Covering energy, utilities and mining: Identifying local storiesby Reynolds Center September 2, 2011 0 comments
Energy, utilities and mining operations pervade American life. The reporter at a medium or small-sized daily should have no trouble localizing global trends and understanding how the local tentacles of these far-reaching sectors affect his or her community.
Here are some story lines that could yield lots of local news:
THE GREAT AMERICAN ENERGY REAWAKENING
The rediscovery of North America by large energy companies is a boon for local reporters. Once thought to be in rapid decline, the oil industry in the U.S. has been revived by two technologies: deepwater drilling and hydraulic fracturing. These techniques, in combination with tougher governments in oil-rich nations, mean that the giant oil companies that once scoured the globe are looking for riches in your own backyard.
The consequences are enormous-fiscally, because the local governments get more tax revenue; economically, because there are more jobs around; and environmentally, because mishaps do happen. The way of life in communities from Pittsburgh to the U.S./Mexico border, passing by North Dakota, is being transformed by this revolution, and local reporters will be the first chroniclers of the change. As we saw during the BP oil spill of 2010, deepwater drilling is having a major impact on life in the Gulf Coast. Not only it underpins the economy there, but it can also represent a danger. And there are many other places where offshore drilling might happen one day—the Eastern and Western coasts, and Alaska, for example.
New fields whose exploitation is made possible by hydraulic fracturing, or fracking, have literally brought the energy industry home to many regions in the U.S that are unaccustomed to this kind of activity. For example, large swaths of the U.S. Northeast – New York, Ohio, New Jersey and Pennsylvania – sit below a rich natural gas field
called the Marcellus shale, and there’s drilling going on under local churches, schools, airports and cemeteries. Since this is a new energy-producing area, reporters are playing a key role enlightening the local audience about what has turned out to be a controversial development. Familiarize yourself with leases, royalties, the science of fracking—and with the natural gas companies setting up shop next door.
A JUNGLE OF INFRASTRUCTURE: REFINERIES, POWER PLANTS, NUCLEAR PLANTS, PIPELINES, MINES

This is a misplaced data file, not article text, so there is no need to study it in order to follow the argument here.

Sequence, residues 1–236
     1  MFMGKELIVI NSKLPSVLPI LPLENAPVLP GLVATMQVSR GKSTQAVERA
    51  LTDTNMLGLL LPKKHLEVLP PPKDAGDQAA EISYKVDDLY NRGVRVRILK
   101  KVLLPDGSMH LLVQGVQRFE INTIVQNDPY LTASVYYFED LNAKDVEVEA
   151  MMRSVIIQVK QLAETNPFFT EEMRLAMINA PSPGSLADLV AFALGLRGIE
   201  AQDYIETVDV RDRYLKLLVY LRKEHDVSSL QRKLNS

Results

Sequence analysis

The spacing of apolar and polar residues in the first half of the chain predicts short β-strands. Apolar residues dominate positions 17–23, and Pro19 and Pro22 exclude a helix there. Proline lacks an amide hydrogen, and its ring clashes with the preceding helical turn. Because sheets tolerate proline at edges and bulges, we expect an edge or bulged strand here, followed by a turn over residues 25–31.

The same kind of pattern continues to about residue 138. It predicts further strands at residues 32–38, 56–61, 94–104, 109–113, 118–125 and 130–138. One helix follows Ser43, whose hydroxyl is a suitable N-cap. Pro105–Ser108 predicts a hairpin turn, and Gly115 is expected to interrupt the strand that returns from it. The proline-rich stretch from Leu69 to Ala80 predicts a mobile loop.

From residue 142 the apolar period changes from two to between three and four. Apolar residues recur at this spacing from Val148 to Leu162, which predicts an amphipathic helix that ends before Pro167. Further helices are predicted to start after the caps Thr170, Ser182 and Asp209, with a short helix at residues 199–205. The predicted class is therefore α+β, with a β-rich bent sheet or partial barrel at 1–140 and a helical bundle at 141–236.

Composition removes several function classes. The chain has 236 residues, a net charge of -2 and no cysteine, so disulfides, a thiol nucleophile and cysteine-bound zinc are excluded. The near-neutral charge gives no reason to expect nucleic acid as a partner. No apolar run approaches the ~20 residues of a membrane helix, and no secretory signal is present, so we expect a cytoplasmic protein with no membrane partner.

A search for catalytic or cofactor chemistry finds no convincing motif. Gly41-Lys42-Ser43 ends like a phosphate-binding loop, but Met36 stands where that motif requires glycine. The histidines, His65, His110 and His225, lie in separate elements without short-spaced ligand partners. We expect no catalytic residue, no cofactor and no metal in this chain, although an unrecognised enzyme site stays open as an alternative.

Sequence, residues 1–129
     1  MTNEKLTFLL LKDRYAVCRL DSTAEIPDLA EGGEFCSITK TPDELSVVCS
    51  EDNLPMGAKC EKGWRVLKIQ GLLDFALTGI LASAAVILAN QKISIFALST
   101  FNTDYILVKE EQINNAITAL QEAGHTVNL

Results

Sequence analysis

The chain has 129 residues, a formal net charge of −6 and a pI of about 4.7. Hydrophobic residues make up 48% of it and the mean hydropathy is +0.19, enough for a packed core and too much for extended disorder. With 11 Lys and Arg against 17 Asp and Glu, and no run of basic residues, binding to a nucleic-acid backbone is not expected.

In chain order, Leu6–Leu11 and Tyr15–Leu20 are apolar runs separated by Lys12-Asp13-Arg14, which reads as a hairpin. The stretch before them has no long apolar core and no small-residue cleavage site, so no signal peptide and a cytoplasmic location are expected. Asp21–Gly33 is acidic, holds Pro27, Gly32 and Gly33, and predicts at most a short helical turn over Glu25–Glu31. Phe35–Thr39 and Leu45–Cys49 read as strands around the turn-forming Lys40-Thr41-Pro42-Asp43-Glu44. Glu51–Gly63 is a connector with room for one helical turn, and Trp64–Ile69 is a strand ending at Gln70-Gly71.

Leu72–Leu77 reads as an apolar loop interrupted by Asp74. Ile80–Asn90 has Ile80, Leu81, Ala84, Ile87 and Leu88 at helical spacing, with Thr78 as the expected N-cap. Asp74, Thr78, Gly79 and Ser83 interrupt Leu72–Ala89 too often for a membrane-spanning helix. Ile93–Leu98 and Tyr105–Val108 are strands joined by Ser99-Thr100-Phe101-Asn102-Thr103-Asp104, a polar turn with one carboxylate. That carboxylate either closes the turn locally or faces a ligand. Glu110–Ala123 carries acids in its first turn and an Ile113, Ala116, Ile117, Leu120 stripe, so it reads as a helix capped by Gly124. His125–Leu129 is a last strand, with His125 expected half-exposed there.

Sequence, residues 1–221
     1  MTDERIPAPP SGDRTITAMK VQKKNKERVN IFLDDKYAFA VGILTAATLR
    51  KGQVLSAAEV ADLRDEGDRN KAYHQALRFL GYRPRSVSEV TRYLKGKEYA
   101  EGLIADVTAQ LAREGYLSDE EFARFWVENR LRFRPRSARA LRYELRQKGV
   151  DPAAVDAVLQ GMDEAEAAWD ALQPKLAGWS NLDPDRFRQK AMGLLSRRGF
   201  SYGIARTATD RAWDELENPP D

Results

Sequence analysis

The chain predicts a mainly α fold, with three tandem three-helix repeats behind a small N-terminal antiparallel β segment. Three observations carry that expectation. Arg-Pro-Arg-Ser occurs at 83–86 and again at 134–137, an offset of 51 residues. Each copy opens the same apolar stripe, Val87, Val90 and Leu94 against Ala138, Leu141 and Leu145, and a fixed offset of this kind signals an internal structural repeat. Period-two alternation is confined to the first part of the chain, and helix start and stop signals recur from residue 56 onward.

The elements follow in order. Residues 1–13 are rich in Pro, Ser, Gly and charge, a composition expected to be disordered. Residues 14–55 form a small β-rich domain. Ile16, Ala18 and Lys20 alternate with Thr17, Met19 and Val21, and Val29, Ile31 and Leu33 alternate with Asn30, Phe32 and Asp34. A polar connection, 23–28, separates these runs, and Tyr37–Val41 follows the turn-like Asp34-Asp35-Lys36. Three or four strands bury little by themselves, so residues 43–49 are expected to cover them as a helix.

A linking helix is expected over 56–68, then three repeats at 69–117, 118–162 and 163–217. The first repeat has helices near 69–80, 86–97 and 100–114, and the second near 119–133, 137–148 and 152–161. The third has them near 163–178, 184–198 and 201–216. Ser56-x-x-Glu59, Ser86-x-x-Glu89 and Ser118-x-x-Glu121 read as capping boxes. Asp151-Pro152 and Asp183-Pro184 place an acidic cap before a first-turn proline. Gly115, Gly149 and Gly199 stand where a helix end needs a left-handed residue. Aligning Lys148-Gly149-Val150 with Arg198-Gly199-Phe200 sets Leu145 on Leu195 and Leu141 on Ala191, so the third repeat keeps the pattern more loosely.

Wherever you are in the U.S., it’s likely that you’re close to a refining hub – and that natural gas and oil pipelines are buried nearby. If you are, say, in Seattle, get to know the Anacortes refineries—and be ready to know that if there’s any disruption to the Alaska oil they process, local gas prices are likely to rise. Also know their safety stats and be ready to report on fires, harmful gas emissions and other accidents that can occur in these facilities.
Likewise, know thy local power provider(s) – and the state regulator that normally oversees power price changes. Check what their power mix is—how much hydro-electric, how much wind, how much coal, how much nuclear and how much natural gas. Track the price of these commodities– they’re indicators of whether power prices will go up or down. Many utilities across the country are having a hard time keeping up with growth projections—figure out how much they’re investing in new power generation, and of what kind.
Know the pipelines in your region – see what water bodies they cross, what refineries or areas they serve, so you can be ready to roll in case news breaks. Keep an eye on the national news—right now, for example, there’s a major controversy on whether to approve a gigantic pipeline expansion called Keystone XL, which would bring crude from Canada all the way to the Gulf Coast. That crosses many states—perhaps the one you live in.
If you’re in Arizona, Kentucky or West Virginia, it’s likely that you’ll be close to a mining culture— follow the big picture evolution of copper prices, for example, or demand for coal, to anticipate swings in local fortunes.
Most refiners, energy companies, utilities and pipeline operators have local spokespeople – know who they are and have them show you around.Identifying and knowing these actors helps get information more quickly when a crisis breaks.